Fabiano Angélico is the projects coordinator at Transparência Brasil. His post-graduate research includes "Transparency, Accountability and Fight against Corruption" at the University of Chile. He is currently completing a master's degree in public administration at the Fundação Getúlio Vargas in São Paulo, Brazil. Fabiano served as a reviewer during the first phase of the Technology for Transparency Network. Twitter: @fangelico.
Michael Anti is a Chinese journalist and researcher with broad international experience. Most recently he worked as a researcher at The New York Times Beijing bureau. He graduated from Nanjing Normal University in 1995 where he majored in Industrial Electrical Automation, but turned to journalism in 2001. He has been a commentator for the Huaxia Times, correspondent of the 21st Century World Herald, war reporter in Baghdad in 2003, researcher at The Washington Post Beijing Bureau, columnist for the Southern Metropolis Daily, and publisher of the Far and Wide Journal. He is the recent recipient of a Wolfson press fellowship at Cambridge University and Nieman Fellowship at Harvard University. Twitter: @mranti.
Tony Bowden is the international agitator for mySociety, the UK-based organisation that created TheyWorkForYou, WhatDoTheyKnow, and FixMyStreet, etc. His role is to encourage and enable other groups and individuals to build similar transparency and accountability projects in their own countries, with a special focus on Central and Eastern Europe. He has been building web sites since before Netscape existed, blogging since 2002, and founded several of Northern Ireland’s leading internet companies before relocating to Estonia in 2006. Twitter: @tmtm.
Hazel Feigenblatt is Media Projects Director at Global Integrity and an award-winning investigative journalist and former Washington correspondent. Her reporting of government procurement and banking practices has been recognized on three occasions with the top journalism award in Costa Rica, where she worked for the leading daily newspaper La Nacion. She has a Master’s degree in Public Affairs Reporting from the Univerisity of Maryland, a Master’s degree in Political Science and a B.A. in Communication, both from the Univeristy of Costa Rica, and was a 2002-2003 Humphrey Fellow. She’s a blogger in Costa Rica’s main financial publication El Financiero and created a website about consumer education and complaints. Twitter: @HazelFeigenblat and @quienpagamanda.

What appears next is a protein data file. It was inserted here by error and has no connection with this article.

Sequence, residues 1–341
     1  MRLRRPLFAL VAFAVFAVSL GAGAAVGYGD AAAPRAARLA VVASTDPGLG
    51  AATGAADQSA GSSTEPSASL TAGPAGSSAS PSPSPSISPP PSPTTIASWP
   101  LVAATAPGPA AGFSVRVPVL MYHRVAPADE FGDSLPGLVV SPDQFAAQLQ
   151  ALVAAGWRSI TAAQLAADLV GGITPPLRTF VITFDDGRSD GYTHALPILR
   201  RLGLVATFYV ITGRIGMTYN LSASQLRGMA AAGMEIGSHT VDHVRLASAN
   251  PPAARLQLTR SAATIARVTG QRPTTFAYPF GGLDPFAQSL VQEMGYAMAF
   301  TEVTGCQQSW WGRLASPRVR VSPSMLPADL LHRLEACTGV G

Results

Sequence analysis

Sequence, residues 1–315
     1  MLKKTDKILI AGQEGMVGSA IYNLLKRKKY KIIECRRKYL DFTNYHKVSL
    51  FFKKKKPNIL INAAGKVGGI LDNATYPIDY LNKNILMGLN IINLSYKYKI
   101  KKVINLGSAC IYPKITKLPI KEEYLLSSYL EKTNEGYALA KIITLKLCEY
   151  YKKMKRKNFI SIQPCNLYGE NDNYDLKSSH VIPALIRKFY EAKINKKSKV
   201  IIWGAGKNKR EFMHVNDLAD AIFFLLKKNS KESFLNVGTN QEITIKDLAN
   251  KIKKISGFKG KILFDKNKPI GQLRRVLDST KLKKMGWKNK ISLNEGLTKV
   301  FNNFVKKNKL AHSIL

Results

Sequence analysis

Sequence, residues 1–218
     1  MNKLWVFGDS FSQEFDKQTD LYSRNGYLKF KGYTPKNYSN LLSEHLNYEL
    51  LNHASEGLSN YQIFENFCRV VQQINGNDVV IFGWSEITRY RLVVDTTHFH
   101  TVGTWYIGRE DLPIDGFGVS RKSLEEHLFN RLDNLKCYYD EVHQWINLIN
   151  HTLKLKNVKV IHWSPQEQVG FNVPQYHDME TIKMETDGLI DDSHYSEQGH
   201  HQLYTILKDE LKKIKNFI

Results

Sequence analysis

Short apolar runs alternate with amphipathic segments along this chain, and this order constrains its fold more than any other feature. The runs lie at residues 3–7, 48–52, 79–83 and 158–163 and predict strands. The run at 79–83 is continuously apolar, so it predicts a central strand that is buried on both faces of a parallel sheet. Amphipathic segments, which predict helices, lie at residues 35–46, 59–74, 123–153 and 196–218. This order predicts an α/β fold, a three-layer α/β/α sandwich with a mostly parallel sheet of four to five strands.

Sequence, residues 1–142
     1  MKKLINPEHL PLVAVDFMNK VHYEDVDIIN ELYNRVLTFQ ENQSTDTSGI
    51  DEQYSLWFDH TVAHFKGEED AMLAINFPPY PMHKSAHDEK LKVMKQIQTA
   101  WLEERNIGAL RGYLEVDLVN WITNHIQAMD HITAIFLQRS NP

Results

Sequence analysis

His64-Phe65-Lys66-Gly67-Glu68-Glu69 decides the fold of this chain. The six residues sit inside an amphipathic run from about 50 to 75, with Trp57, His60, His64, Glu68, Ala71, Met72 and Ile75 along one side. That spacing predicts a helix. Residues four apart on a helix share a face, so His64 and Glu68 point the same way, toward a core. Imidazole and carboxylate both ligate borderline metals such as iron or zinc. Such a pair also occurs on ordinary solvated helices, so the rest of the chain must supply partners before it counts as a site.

Alfredo González Briseño is a Junior Professional Associate that has worked at the World Bank since 2008, when he joined WBI's governance data and diagnostics team. He has done research on several governance and anticorruption related topics and has worked on governance diagnostic projects. A Mexican national, Alfredo has a BS in Industrial Engineering from Universidad Panamericana, and a Masters of Public Policy with a concentration in Public Administration from Georgetown University. He writes regularly about technology and transparency at the World Bank's "Governance Matters" blog, and also writes in Spanish at México desde Aquí.
Felipe Heusser is the director and founder of Fundación Ciudadano Inteligente ("Smart Citizen Foundation"), a Chilean-based NGO which promotes Transparency and accountability in Latin American Politics by collecting data and delivering it to citizens through the web and the use of web applications. He is also a Ph.D. candidate at the London School of Economics where he is researching freedom of information regulation and its impact on political accountability. Felipe is also a Lawyer graduated from the Pontificia Universidad Católica de Chile, and holds a Master degree in Public Policy from the London School of Economics. Previously he was a consultant for Chile's Ministry of Foreign Affairs and a senior advisor to the Vice-Minister of Labour. Twitter: @fheusser.
Anne Nelson teaches "New Media and Development Communications" at Columbia University where she specializes in the area of international media development and has worked extensively as an analyst, evaluator, and practitioner in the field. She has taught at Columbia University since 1995, integrating student publications and research into the curriculum. Nelson consults for many leading U.S. foundations, including OSI, Gates, Rockefeller, Carnegie and Knight. Nelson was formerly the director of the International Program at the Columbia School of Journalism and executive director of the Committee to Protect Journalists. She was a war correspondent in Latin America, and reported from Eastern Europe and Asia, with work appearing in the New York Times, the Los Angeles Times, Harper's, BBC, CBC, NPR and PBS. Her writing has won six awards, including the Livingston Award for international reporting. She is a graduate of Yale University, a member of the Council on Foreign Relations, and the recipient of a 2005 Guggenheim Fellowship for her work on media and Nazi Germany.